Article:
Peg Cagle teaches high-school math in Reseda, one of the farthest-flung parts of the school district. A big part of her school’s population, she said, consists of new immigrants, and some portion of her students lives in “alternative settings,” which might mean they’re homeless, in foster homes, or otherwise outside of their parents’ care. “These are kids who are very often super, super traumatized, displaced—and all of that on top of the stress of negotiating school within an environment which is not in their native culture, not in their native language,” she told me. “And you are going to put 40 of them in a classroom?”
For Cagle, a big part of the strike’s significance was in “shifting the cultural perspective around education and the lack of respect for teaching.” Watching a good teacher at work, she added, is like watching a swan glide across the water—people remain totally unaware of what goes on beneath the surface. “We wouldn’t make any decision within medicine without consulting doctors, but we feel totally comfortable as a society making all sorts of decisions about education when the teacher’s voice is, typically, if even included, it is almost included for the sole purpose of dismissing it and discounting it.”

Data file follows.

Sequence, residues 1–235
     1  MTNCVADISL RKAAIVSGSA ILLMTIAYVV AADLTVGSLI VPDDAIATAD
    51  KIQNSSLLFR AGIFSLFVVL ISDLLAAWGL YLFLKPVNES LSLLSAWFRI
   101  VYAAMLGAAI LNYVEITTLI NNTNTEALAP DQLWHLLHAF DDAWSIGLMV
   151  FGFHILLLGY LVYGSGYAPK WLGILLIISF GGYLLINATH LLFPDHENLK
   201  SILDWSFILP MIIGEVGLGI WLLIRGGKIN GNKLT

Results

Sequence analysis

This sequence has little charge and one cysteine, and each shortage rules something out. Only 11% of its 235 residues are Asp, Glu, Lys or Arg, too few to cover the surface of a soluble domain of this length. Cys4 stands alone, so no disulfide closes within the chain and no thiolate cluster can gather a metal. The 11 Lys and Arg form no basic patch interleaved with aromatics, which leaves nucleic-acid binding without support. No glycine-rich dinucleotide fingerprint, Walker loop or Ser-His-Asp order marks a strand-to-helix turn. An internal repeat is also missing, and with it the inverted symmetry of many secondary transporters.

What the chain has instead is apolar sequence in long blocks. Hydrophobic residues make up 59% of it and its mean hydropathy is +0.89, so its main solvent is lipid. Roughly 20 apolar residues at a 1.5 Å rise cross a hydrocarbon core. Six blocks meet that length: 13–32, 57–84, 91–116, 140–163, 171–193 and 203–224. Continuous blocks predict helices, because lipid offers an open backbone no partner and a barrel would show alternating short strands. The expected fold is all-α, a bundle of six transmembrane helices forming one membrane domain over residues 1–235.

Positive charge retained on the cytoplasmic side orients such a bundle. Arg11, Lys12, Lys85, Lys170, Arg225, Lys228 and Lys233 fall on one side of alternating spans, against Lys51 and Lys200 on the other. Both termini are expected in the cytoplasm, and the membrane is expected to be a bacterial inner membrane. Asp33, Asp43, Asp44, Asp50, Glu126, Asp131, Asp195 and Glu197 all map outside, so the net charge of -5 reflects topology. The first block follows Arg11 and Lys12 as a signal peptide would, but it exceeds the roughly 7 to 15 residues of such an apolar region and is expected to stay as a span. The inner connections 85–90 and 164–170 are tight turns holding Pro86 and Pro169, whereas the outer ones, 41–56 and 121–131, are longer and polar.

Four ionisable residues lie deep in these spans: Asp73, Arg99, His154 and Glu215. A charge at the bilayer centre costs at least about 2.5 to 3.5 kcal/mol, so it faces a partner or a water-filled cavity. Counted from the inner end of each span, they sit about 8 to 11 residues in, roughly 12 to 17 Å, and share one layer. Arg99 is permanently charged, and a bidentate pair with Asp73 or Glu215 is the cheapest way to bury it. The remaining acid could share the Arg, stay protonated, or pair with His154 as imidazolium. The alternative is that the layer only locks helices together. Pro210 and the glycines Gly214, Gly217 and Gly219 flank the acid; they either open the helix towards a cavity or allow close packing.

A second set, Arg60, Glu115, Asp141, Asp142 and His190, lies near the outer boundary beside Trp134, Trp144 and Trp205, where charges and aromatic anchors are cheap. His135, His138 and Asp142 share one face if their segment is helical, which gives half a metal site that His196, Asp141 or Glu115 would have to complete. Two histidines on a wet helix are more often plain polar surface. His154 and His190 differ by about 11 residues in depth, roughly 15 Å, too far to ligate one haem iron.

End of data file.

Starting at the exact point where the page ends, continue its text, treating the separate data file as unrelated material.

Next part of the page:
During the strike, the teachers made that voice heard. It is impossible to imagine how loud tens of thousands of educators can be until you’ve marched alongside them through a tunnel in downtown Los Angeles and heard them chant “Strike! Strike!” in unison to the beat of a bass drum reverberating off the walls. It was impossible, that week, to ignore what teachers were saying. They were heard in Sacramento, where the state’s new governor, Gavin Newsom, called for transparency regarding charter schools on the strike’s first day. They were heard in Washington, DC, where presidential hopefuls tripped over themselves to issue statements of support. They were heard in Chicago, West Virginia, and Arizona, where previous strikes had fueled their momentum, as well as in Denver, where teachers authorized a strike on the day that UTLA announced its new deal. And they were heard in Oakland, where an overwhelming majority of teachers recently voted to authorize a strike.
It was a voice that demanded respect not only for their profession, but for the ideals on which public education was founded. “Without public education, there will be no democracy,” Cagle said. “If you don’t want a democracy, then fine—do what you will with public education. But if you truly believe that democracy serves the public good, then you have to support public education, because it’s the only thing that’s going to get us there.”